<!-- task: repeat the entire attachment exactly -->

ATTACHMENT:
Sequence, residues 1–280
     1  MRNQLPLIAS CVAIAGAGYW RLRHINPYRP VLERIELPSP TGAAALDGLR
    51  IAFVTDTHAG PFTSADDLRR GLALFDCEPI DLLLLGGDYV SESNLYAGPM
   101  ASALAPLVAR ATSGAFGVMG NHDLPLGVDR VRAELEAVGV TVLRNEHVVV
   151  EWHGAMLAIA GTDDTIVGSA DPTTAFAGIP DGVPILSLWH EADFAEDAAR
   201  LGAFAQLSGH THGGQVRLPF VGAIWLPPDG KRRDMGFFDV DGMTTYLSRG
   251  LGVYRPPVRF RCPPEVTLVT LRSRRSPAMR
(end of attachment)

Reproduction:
Sequence, residues 1–280
     1  MRNQLPLIAS CVAIAGAGYW RLRHINPYRP VLERIELPSP TGAAALDGLR
    51  IAFVTDTHAG PFTSADDLRR GLALFDCEPI DLLLLGGDYV SESNLYAGPM
   101  ASALAPLVAR ATSGAFGVMG NHDLPLGVDR VRAELEAVGV TVLRNEHVVV
   151  EWHGAMLAIA GTDDTIVGSA DPTTAFAGIP DGVPILSLWH EADFAEDAAR
   201  LGAFAQLSGH THGGQVRLPF VGAIWLPPDG KRRDMGFFDV DGMTTYLSRG
   251  LGVYRPPVRF RCPPEVTLVT LRSRRSPAMR